In late 2018, the Møller Institute team won a substantial new contract in Japan as strategic partner for Suntory’s Global Leadership Development Programme, its flagship multi-module, multi-region investment in developing future leaders.
Richard Buttrey , Client Director explained, “Suntory has created a Global Leadership Development Programme for 24 of its most promising young stars from all over the world. The delegates had already experienced an intense journey of self-discovery in the New Zealand outback and examined the company, Japanese culture and their own in Tokyo, supported by our teaching team, and came to the Møller Institute in early 2019 for a module focused specifically on innovation in Cambridge. The programme concludes back in Japan in April when project teams of participants will present innovation proposals around how products are turning into experiences and what sustainability means in different markets to the CEO and other Board members.”
Suntory’s well-known UK brands include Lucozade; Jim Beam; Ribena and they bottle for Pepsi in the US. Suntory are a global leader in consumer packaged goods, producing and distributing a diverse portfolio of beverages, premium spirits, beer and wine, and wellness products throughout the world.
Design and delivery
In August 2018, a small team from Suntory including Sue Gannon, Deputy COO Global Development & Diversity, attended a design workshop at the Møller Institute to design the programme and as well as showcasing Cambridge to the group including a trip to the Dojima Sake Brewery in Fordham.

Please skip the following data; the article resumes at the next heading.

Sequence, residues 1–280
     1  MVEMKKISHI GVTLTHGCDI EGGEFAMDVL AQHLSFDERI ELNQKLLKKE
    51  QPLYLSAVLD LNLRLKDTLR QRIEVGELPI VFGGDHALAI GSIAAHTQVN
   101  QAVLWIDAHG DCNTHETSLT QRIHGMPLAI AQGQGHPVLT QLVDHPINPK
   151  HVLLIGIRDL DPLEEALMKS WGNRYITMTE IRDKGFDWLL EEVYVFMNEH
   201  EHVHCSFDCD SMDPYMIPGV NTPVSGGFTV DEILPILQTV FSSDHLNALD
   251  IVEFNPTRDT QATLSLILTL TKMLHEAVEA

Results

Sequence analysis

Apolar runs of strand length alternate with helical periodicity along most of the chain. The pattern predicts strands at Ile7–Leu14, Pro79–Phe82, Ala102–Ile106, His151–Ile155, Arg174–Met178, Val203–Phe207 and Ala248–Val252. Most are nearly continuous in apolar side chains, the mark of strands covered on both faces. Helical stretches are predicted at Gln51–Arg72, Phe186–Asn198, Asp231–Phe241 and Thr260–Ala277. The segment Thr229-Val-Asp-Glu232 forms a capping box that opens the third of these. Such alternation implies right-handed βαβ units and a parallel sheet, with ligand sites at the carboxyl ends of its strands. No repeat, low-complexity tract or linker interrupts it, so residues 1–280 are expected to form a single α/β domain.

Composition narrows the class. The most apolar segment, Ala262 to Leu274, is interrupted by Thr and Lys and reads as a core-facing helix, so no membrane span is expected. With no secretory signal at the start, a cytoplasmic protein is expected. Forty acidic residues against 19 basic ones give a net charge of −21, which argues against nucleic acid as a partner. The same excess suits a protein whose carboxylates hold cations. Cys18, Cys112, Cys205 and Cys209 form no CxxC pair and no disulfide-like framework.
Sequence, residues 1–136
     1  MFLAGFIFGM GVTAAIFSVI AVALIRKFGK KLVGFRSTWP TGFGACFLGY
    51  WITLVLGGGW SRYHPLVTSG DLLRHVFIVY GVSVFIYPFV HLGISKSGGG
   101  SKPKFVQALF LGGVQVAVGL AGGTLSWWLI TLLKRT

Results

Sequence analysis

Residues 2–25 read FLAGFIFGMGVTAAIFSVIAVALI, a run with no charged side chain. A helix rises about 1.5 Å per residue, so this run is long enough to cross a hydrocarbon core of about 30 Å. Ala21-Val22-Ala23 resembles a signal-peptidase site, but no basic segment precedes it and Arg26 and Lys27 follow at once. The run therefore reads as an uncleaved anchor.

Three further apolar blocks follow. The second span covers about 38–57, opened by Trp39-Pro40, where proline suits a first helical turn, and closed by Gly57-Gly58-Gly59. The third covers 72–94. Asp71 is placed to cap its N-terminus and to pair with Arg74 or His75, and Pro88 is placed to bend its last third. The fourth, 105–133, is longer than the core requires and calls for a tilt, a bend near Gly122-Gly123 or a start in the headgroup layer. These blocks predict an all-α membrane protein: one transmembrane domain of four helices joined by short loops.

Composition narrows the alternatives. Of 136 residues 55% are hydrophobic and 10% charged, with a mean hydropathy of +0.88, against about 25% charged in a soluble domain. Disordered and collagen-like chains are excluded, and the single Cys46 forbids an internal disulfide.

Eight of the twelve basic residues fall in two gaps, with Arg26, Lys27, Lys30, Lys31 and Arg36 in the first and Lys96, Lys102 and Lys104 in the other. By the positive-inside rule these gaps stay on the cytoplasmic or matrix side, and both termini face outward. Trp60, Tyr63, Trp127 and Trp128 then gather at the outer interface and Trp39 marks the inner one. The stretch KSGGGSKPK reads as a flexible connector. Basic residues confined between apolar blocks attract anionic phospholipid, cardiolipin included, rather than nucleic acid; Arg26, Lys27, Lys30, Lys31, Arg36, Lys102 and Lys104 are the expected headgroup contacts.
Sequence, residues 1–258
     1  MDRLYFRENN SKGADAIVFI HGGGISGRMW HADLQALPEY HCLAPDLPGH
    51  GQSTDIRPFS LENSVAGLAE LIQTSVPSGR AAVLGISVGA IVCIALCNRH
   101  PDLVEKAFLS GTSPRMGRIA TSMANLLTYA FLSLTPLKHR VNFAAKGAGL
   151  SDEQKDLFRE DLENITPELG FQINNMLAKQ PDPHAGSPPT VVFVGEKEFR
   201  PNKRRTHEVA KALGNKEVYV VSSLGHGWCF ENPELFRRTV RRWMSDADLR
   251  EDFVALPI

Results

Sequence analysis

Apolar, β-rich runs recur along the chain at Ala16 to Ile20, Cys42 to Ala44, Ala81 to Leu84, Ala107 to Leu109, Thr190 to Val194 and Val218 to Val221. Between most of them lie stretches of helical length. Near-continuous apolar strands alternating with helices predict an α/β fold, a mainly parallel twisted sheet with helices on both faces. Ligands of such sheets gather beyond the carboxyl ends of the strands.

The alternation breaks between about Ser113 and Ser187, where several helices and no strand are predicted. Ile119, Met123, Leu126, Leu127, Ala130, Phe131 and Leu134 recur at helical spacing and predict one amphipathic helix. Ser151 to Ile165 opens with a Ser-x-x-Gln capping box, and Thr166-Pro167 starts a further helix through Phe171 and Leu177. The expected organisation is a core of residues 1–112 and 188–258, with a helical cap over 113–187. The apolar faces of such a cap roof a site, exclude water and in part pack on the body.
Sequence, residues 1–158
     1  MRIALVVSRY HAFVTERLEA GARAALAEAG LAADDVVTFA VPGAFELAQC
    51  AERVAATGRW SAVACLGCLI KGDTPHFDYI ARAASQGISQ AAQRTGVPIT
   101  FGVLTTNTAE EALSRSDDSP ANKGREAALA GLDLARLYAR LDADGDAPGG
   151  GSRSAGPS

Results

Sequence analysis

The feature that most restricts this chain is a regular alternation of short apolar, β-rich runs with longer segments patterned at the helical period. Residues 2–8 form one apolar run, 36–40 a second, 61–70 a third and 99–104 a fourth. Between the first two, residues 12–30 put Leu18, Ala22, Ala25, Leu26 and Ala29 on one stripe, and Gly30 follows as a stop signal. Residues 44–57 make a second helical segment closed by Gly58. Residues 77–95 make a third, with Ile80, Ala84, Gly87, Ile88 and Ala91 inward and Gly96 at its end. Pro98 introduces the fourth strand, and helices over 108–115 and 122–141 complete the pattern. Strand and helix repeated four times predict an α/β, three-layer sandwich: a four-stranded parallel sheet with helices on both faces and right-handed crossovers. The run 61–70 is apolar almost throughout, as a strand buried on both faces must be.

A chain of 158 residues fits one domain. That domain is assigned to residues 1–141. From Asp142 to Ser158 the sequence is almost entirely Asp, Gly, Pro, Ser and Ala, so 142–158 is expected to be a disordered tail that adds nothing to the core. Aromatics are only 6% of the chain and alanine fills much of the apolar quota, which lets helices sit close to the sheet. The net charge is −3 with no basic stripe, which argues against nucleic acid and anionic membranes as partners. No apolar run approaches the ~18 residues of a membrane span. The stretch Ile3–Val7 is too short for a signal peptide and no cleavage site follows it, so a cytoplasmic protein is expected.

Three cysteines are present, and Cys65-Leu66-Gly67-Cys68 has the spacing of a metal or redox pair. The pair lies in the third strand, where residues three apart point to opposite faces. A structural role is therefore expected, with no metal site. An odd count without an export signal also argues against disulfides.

Mindset & Leadership, disciplined entrepreneurship and creativity and connectedness were the key learning outcomes for the programme. The group heard from leading lights in the Cambridge innovation ecosystem including, amongst others, Professor Tim Minshall, Professor of Innovation, Head of the Institute for Manufacturing; Edd Brunner, Head of Global Food and Beverage Business and Asia Consumer Business, Cambridge Consultants and Michael Chaskalson, Europe’s leading pioneer of mindfulness teaching and research.
Professor Tim Minshall unpacked the criticality of innovation, explain how the Cambridge eco-system has evolved and what Suntory can learn from it, delving into the detail of how large companies successfully innovate. Edd explained how professional outsource innovators approach sustainability and product/experience innovation – and understand their team dynamic and process. Michael will explore the importance of looking at the mind and improving focus.
Other sessions included political and economic macro-trends and their implications for Suntory; embedding design thinking; the effect on brands of digital transformation and disruption; futures thinking and scenario planning; processes and frameworks for innovation and the art and science of a high-performing teams.
The Churchill College and Sir Winston Churchill story – Innovation Leader and Influencer – was eloquently delivered by Allen Packwood OBE, Director of the Churchill Archive Centre. And finally, the group were challenged by Barry Phipps, Director of Studies, History of Art, Churchill College, to draw parallels between disruption in art and business, and then to complete a timed challenge around Cambridge to gather evidence of breaking the ‘dominant logic.
The team at the Dojima Sake Brewery in August 2018 – (L-R) Yahiro Hashimoto, Suntory; Sue Gannon, Deputy COO Global Development & Diversity, Suntory; Cathy Butler, Head of Executive Education, Møller Institute; Gensee Murakami, Suntory; Tony Mitchell, Production Manager, Dojima Sake Brewery; Mrs. Hashimoto, owner, Dojima Sake Brewery.
Møller’s executive education team designed and delivered its first Japanese leadership programme back in 2003 with NTT DoCoMo and, since then, over 5000 senior and aspiring global leaders have attended Møller Institute leadership development programmes. This latest client win follows the hire of former Tokyo-based DIT Head of Trade Development, Richard Buttrey, to spearhead the Institute’s executive education growth in Asia.